Vote Ceasefire continues primary campaign in Washington State

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‘Vote Ceasefire’ spreads to Washington primary as Dems push write-in campaign over Biden’s response to Israel-Hamas war

Washington is the campaign's second state.


Tricia Crimmins


Posted on Feb 26, 2024

The Vote Ceasefire write-in primary campaign that received 1% in the New Hampshire Democratic primary has migrated to Washington state ahead of its primary elections on March 12.

Organizers were inspired by New Hampshire’s campaign and are spreading the word via social media—Vote Ceasefire New Hampshire’s online accounts have even rebranded to Vote Ceasefire Washington.

The Vote Ceasefire movement initially took hold in January ahead of the New Hampshire primaries as a response to President Joe Biden’s write-in campaign.

Biden was left off the New Hampshire ballot after the Democratic National Committee pushed to make South Carolina the nation’s first Democratic primary. New Hampshire still held its primary in January, but Biden kept his name off in response and no delegates were at stake. Biden still won with write-in votes, however.

In an interview with the Daily Dot, New Hampshire Vote Ceasefire organizer Morgan Brown said the campaign is for Democrats who feel voting for Biden isn’t a good option. Biden’s unwavering support for Israel since the start of its war with Hamas has garnered immense backlash.

“It feels wrong to vote for genocide,” Brown told the Daily Dot.

Thus, Vote Ceasefire provided those voting in the Democratic primary with another option: Write-in the word “ceasefire” to send a message to the Biden administration.

In New Hampshire, Vote Ceasefire garnered approximately 1,500 votes, but Vote Ceasefire Washington organizer Barb Stuebling told the Daily Dot the Washington state campaign isn’t focusing on a specific target number.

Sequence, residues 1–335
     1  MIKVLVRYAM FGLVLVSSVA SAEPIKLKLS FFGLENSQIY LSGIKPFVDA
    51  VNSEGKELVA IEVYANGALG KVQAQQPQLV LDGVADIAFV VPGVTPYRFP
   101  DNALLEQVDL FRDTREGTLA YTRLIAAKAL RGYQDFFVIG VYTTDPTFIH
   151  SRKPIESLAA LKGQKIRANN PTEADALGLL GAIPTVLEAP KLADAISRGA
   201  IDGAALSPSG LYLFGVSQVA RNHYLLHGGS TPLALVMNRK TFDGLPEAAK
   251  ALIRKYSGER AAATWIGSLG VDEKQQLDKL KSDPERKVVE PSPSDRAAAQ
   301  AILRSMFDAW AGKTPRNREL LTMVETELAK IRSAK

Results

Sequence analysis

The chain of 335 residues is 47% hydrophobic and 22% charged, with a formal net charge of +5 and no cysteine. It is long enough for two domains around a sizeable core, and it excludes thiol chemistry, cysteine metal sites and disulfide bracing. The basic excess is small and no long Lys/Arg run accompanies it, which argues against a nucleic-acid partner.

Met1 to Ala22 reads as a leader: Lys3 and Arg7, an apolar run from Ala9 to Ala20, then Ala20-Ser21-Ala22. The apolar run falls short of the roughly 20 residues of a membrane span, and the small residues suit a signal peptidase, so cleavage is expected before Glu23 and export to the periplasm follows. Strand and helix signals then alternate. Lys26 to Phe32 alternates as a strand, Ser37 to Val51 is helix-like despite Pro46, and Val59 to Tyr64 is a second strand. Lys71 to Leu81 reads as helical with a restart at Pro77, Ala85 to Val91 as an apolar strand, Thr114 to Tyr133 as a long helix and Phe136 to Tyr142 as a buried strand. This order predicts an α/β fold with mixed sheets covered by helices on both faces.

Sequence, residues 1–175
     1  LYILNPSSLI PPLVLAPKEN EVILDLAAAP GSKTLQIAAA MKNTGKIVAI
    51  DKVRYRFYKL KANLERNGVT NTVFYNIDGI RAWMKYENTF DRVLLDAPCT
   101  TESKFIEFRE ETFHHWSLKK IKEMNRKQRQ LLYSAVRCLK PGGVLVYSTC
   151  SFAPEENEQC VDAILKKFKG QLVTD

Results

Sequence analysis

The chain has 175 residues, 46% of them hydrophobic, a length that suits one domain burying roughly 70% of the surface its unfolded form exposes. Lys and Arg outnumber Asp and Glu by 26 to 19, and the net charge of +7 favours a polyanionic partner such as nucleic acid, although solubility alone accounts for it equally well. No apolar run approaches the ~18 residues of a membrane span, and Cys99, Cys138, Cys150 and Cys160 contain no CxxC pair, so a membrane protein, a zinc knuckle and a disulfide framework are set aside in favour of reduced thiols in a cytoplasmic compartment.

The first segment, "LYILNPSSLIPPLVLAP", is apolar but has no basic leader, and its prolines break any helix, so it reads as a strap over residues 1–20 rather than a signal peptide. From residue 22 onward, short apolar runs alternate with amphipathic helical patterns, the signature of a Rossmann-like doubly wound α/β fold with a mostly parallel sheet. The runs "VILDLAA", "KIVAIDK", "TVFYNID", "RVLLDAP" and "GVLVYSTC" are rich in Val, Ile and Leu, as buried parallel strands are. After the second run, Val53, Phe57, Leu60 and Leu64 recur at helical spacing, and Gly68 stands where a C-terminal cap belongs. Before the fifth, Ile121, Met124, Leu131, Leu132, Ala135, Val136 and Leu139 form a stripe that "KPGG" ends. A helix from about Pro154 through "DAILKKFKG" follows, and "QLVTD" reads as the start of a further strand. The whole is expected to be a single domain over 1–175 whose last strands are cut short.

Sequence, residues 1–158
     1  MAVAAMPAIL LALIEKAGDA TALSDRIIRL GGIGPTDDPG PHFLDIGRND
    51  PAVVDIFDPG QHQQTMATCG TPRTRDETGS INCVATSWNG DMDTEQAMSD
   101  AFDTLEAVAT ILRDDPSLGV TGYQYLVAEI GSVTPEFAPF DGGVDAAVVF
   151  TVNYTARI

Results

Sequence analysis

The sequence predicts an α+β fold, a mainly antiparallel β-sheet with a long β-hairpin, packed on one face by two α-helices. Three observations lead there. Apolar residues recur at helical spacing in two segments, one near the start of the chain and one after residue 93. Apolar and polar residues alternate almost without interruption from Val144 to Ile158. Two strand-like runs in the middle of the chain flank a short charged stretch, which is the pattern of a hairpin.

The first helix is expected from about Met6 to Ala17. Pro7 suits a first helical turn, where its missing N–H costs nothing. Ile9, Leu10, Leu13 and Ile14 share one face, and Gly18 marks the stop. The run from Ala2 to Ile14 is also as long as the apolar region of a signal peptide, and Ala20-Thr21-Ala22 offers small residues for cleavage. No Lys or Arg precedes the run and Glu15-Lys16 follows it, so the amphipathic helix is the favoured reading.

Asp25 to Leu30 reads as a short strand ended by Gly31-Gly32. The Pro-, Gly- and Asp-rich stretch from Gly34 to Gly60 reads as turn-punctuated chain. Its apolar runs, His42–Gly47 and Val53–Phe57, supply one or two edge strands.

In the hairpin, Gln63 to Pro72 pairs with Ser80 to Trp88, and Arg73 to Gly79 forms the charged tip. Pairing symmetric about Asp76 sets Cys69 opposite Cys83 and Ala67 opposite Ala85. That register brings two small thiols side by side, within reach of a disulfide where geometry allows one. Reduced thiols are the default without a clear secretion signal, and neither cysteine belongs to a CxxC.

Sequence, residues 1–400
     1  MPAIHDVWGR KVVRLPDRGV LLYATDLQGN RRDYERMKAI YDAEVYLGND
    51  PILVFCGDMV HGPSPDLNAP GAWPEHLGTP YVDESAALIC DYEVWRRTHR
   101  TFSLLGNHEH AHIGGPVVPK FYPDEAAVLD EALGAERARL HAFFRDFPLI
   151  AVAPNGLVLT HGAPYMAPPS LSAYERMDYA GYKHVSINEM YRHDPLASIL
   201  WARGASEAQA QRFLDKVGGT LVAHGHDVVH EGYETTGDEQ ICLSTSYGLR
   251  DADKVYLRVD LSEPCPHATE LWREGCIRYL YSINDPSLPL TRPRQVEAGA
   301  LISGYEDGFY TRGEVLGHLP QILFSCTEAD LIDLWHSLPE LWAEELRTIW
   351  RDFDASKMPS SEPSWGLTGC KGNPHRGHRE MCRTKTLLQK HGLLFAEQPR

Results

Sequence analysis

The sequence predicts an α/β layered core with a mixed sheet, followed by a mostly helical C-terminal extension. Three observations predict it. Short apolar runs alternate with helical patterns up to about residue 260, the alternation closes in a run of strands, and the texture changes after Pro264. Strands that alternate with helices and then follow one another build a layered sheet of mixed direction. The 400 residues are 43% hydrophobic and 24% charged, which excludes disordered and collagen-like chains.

“As many people as we can get,” Stuebling told the Daily Dot. “I don’t think we really had the guts to dream about a number.”

She said the Washington state campaign was inspired by New Hampshire, and that she and other organizers are using social media, yard signs, and word of mouth to grow support.

Stuebling posted a photo of her mail-in ballot on her personal Instagram account.

As for the general election, Stuebling said it’s “really far away” and she doesn’t know who she’ll vote for yet. Some of the backlash to the Vote Ceasefire has come from people afraid that criticism of Biden could lead to a lack of support in the election.

“A lot of things can happen between now and then,” Stuebling said. “I don’t really have a plan until probably closer to then. [I’ll] see what’s happening in the world.”

The Washington State campaign kicked off on Feb. 22; so far, mostly mail-in voters have posted online saying they wrote in “ceasefire” on their ballots.

“I just voted for ‘Ceasefire,'” a Washington voter posted on their Instagram alongside a picture of their ballot. “Suck it Biden and Trump.”

Vote Ceasefire isn’t the only primary campaign working to send a message to Biden: Michigan’s Listen to Michigan campaign urges voters to bubble in “uncommitted” on their ballots to protest Biden’s support for Israel in the state’s Democratic primary on Feb. 27.

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*First Published: Feb 26, 2024, 4:02 pm CST